EPA’s Charles River Two-Step

charles15At least since the Standells’ Dirty Water in 1966, cleaning up the Charles River has been on the mind of Bostonians (and Cantabrigians and those farther upriver).  Notwithstanding significant recent progress, there remains work to do.  The questions are, as always, how much and who pays?  Is this largely a municipal infrastructure problem?  Is it just a matter of better implementation of some simple best management practices?  Is it a private sector problem?

One thing we do know.  It’s not easy and won’t be cheap.

EPA has been caught in the crossfire – pressured by CLF to do more, by the municipalities to recognize the strain on municipal budgets, and by developers and other private sector interests not to try to solve the problem on their backs.  What’s EPA’s current thinking?  Two developments this week give a pretty good idea.

Last Monday, the Boston Globe reported that EPA was about to release its small Municipal Separate Storm Sewer System (MS4) general permit.  EPA’s last draft was roundly criticized, not just by municipalities, but even by MassDEP.  We’ll see how EPA fares this time around.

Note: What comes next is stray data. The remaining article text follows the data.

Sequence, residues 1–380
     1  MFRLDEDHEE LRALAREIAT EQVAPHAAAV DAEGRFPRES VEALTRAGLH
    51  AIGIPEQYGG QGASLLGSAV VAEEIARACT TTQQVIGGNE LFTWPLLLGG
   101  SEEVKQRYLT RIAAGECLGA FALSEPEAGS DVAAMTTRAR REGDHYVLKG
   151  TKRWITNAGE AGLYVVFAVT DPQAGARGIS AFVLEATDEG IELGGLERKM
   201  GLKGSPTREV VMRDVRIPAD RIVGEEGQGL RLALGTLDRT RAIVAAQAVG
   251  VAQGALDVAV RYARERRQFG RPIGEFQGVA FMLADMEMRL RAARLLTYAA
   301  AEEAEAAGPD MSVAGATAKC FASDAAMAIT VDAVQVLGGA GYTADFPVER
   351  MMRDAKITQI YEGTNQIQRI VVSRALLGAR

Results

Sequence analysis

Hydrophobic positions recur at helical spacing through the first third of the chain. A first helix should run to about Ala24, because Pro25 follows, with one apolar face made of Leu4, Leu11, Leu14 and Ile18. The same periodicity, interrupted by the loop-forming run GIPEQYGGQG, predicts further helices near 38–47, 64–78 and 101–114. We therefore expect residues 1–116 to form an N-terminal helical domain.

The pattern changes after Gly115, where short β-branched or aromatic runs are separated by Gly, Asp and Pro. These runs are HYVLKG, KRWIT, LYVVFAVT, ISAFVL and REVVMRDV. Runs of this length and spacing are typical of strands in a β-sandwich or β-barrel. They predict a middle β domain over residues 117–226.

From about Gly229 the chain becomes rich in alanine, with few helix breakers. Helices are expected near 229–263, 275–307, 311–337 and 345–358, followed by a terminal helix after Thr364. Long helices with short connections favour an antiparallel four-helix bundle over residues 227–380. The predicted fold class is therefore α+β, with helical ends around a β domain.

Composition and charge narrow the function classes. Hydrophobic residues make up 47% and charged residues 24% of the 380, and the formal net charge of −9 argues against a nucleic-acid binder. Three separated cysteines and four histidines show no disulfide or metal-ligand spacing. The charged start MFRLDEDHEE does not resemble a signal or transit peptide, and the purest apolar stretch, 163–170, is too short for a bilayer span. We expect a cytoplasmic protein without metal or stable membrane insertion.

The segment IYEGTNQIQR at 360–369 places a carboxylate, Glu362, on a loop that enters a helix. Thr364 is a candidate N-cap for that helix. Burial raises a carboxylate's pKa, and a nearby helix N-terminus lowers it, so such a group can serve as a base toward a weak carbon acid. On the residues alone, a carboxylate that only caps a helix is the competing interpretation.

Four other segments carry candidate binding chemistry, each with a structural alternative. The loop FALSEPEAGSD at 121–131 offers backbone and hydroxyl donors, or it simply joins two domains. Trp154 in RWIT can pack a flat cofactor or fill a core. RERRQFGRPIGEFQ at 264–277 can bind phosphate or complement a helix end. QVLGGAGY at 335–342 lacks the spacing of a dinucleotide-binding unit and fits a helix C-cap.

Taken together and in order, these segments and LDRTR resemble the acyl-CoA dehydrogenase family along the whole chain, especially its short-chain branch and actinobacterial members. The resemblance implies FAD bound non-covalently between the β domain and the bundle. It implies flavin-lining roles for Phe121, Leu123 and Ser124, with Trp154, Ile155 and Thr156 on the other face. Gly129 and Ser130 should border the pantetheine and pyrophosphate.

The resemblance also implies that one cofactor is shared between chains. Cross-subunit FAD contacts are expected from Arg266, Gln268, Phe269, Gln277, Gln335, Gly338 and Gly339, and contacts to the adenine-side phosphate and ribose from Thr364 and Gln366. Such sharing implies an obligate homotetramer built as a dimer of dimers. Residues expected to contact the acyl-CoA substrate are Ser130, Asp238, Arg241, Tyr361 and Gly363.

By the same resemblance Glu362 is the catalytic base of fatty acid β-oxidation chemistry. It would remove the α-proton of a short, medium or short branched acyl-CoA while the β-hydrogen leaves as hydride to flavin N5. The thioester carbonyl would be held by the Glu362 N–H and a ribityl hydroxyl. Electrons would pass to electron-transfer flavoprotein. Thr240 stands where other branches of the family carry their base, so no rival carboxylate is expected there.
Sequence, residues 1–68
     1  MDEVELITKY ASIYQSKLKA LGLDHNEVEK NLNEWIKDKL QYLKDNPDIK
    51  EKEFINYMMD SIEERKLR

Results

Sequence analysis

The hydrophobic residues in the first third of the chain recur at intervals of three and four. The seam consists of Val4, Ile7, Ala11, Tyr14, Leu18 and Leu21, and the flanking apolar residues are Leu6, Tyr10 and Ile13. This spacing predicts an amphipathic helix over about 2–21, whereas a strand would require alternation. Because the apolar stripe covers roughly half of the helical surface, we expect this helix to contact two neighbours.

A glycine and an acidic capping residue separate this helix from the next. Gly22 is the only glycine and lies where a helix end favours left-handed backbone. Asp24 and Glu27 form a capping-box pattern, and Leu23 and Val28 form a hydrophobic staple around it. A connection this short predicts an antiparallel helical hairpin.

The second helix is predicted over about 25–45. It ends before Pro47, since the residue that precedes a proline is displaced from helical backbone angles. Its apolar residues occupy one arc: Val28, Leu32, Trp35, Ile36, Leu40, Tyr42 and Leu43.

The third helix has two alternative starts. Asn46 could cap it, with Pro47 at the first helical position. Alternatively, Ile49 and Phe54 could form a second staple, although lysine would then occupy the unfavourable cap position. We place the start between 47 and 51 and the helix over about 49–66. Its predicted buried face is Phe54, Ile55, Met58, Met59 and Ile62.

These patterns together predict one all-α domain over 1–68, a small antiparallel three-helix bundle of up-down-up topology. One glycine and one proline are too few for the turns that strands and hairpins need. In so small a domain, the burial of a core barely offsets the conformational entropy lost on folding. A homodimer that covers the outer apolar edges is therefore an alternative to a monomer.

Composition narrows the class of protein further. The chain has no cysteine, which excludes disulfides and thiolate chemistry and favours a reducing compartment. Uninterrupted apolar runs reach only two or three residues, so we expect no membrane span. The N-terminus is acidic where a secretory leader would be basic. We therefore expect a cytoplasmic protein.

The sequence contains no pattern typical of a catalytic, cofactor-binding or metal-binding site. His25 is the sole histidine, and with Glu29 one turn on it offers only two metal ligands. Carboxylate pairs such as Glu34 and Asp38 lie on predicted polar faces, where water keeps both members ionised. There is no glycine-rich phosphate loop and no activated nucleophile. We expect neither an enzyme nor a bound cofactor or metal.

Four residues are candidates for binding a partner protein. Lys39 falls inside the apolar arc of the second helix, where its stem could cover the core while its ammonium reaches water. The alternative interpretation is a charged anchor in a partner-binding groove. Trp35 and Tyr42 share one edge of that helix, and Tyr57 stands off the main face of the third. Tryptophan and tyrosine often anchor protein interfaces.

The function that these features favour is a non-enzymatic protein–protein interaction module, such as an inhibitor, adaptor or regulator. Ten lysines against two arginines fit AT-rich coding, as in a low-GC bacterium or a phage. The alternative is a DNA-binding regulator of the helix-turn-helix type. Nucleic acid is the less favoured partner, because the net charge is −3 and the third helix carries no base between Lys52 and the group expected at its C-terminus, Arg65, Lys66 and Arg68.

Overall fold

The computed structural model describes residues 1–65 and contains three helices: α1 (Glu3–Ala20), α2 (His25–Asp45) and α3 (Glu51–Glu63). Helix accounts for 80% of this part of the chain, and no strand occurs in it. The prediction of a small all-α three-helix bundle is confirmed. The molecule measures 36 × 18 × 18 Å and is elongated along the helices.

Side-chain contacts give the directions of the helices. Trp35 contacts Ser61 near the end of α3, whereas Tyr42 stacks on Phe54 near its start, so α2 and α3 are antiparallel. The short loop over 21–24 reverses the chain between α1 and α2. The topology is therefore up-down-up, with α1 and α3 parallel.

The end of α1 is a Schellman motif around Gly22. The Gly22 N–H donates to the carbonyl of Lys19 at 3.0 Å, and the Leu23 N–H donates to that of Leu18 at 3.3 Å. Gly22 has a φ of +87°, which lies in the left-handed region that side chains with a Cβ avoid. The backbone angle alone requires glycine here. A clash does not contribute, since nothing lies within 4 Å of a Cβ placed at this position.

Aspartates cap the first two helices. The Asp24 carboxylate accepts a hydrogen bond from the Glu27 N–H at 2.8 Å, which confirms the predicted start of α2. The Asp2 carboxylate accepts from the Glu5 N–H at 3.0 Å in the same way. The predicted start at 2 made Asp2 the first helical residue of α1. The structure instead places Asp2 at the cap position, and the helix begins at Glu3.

Hard on the heels of the MS4 announcement, CLF announced that it was refiling its complaint against EPA for EPA’s failure “to notify commercial, industrial, institutional, and high density residential dischargers responsible for stormwater runoff in the Charles River watershed that they must apply for NPDES discharge permits.”  CLF originally filed this law suit last April, amid speculation that CLF was negotiating a deal with EPA.  They promptly dropped the suit without explanation, though the dismissal did follow immediately after NAIOP MA, the real estate trade group, intervened as a defendant.  CLF’s decision to sue again, particularly right after EPA went public with its intention to issue the MS4 permit, leads to two inferences:

  1. CLF doesn’t believe that the MS4 permit by itself will solve the problems in the Charles River, and
  1. EPA did not give CLF any assurances that it was prepared to do more at this point. It appears that EPA wants to let the MS4 process play out before taking any more aggressive actions.

As the Standells might have said, the beat goes on.

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